I want my … I want my … I want my OnBase 17

I was born in a time when, if I wanted to know the answer to a question, I referenced the appropriate volume within an encyclopedia set. MTV played a lot of music videos. And the Dire Straits song I reference in the headline was a staple.

Back then, we still had phones attached to our walls with big, long cords. And there was no such thing as a data plan. So, when I called my best friend long distance to go through the back-to-school issue of the JC Penney catalog, page by page, and talk through our ideal fifth-grade wardrobe staples, it was what you might call expensive.

And a darn good reason to be grounded. (Sorry, mom and dad!)

My ability to easily welcome and adopt technological advances — including texting, social media and online shopping — may be linked to the rapid rate at which they have surfaced in the days following high school and college. Let’s just say that I’ve had a glimpse at the hard times, and I can truly appreciate the new ways in which we live and work.

That ain’t workin’

Speaking of which, a video recently made the rounds on social media that captured kids’ reactions to portable cassette players. You guessed it … hilarity ensues. Once the kids were given an “old-fashioned pair of headphones,” they were able to see first-hand how we listened to music in the 1980s and 1990s.

Best line of the video: “In the 1980s, it was like, ‘Whoa! Something that can play music, and I can carry it around if I have a large pocket.’”

To further drive home the contrast of technology then vs. now, the host makes a point that in our current day, an iPhone can hold thousands of songs. Whereas, back in the day, a tape would typically only fit up to 30 songs … and that involved the manual task of taking it out and flipping it over.

When asked whether the kids preferred the old way to listen to music or our modern-day technology, what do you think were the majority of responses?

  • “I prefer technology up to date.”
  • “I want my phone!”
  • “This is so hard … and complicated!”

Baby Boomers, Gen Xers and early Millennials: Please take a moment to reflect on how far we’ve come.

That’s the way you do it

When I was rocking my hand-me-down Walkman and “old-fashioned headphones” in 1991, it was the year that Hyland was formed.

In 25 years, a lot has changed and advanced in our business – especially, our products.

I recently attended the Healthcare and Regional User Forums in San Francisco, which included several of our direct and partner customers who represented a range of verticals. Event attendees spent a full day immersed in all things Hyland – from ShareBase to OnBase to our case management software solutions.

They also learned how to extend the value of their solutions. In a very close tie with our customers who shared their successful OnBase solutions, the “What’s Coming in OnBase 17” session delivered by Tom Vitale, product evangelist extraordinaire, was the most anticipated presentation, from my perspective.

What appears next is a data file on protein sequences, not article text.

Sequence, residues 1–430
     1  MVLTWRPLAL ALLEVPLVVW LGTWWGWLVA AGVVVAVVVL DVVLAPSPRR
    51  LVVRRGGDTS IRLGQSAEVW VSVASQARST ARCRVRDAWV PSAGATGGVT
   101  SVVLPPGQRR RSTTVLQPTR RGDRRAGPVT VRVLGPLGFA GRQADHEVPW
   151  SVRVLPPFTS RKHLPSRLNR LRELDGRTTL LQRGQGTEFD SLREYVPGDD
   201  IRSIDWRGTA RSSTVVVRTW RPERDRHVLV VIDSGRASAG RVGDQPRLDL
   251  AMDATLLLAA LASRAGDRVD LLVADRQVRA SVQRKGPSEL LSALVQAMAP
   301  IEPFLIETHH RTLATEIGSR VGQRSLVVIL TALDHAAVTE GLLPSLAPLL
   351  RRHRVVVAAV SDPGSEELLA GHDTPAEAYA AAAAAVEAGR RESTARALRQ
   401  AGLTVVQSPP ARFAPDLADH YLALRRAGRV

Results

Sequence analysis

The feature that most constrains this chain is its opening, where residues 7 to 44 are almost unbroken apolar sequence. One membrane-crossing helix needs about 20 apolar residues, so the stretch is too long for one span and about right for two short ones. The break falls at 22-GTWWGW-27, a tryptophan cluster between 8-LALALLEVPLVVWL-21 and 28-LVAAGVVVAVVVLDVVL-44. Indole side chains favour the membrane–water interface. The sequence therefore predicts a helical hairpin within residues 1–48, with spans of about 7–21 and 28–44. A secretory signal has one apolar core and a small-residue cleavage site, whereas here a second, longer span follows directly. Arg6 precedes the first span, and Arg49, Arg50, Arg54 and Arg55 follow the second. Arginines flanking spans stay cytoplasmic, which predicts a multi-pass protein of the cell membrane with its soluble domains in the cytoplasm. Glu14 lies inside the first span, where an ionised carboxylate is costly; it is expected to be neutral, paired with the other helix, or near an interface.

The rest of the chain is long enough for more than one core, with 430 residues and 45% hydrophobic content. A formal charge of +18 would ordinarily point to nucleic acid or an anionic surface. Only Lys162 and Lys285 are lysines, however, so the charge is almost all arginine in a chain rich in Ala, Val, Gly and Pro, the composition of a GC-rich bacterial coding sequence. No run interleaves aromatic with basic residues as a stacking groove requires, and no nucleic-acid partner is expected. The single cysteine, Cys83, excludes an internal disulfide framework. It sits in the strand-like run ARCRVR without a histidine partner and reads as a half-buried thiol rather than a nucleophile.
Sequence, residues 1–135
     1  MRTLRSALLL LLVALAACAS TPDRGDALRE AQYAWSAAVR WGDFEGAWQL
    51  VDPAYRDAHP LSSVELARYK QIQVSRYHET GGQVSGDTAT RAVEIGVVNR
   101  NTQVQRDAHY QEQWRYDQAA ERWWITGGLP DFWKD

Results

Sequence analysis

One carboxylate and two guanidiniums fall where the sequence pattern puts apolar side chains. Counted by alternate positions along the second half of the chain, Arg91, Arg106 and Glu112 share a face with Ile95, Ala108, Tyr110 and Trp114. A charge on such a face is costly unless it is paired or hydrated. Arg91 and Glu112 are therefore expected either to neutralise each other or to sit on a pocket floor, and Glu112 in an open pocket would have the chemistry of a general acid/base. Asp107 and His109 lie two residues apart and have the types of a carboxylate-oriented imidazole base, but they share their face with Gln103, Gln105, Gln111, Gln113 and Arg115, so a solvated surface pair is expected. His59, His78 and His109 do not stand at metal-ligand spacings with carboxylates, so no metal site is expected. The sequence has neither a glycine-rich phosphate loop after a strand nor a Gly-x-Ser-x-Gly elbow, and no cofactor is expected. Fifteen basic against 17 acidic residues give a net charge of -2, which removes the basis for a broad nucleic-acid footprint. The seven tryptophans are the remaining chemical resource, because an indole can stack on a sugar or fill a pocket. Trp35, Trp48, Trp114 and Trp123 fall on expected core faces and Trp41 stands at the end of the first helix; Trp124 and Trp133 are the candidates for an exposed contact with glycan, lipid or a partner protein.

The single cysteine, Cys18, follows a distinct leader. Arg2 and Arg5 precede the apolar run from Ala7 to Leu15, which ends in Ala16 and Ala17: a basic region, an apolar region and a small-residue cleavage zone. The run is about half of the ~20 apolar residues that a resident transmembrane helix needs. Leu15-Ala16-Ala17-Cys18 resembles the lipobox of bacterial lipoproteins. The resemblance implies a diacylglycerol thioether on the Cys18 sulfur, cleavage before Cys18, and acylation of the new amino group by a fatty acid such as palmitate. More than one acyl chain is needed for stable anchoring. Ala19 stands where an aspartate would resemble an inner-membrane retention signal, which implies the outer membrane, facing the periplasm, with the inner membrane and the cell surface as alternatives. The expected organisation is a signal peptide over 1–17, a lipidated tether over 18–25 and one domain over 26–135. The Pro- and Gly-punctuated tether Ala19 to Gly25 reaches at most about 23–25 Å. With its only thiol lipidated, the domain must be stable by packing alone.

While I’m poking fun at Walkmans, they were an incredible leap forward in technology. Sure, boomboxes let us take our music with us, but they were heavy and loud. The Walkman was light and private.

Comparing Walkmans to our modern-day smartphones, I would liken our original OnBase system to what our product team has in store for users with the OnBase 17 launch. We had a solid and forward-thinking start that has evolved to something that the original developers dreamed of. We understand the importance of upgrading technology and meeting customer needs, but we also value taking it to the next level because it’s what we do best.

So, back to “What’s Coming in OnBase 17.” Have I piqued your interest?

As technology users ourselves, we know how users’ expectations have changed and our team has evolved the OnBase interface with them in mind. For now, I can tell you that we’re definitely introducing a brand new look. The word on the street is that users will have a sleek and intuitive OnBase experience upon the release slated for this summer – complete with more than 3,000 enhancements.

What if we could do a similar video to the kids’ reactions to the portable cassette players, but replace it with customers’ reactions to our new OnBase 17 interface?

The things we would NOT hear:

  • “I prefer antiquated technology.”
  • “This is so hard … and complicated!”
  • “I want fast-forward and reverse buttons.”

My guess is that the only thing we’ll hear is “Whoa.”

The new look and feel is coming, are you ready?

Laura Pegg

Laura Pegg

Laura M. Pegg is a public relations specialist at Hyland where she primarily supports healthcare, higher education and product. She has more than a decade of experience in public relations, corporate communications and public affairs. Laura earned a bachelor’s degree in public relations with concentrations in history and political science from Kent State University. She currently resides in downtown Cleveland where she is active in the DCA City Advocates Program and pursues her passions in photography, travel and culinary exploration.

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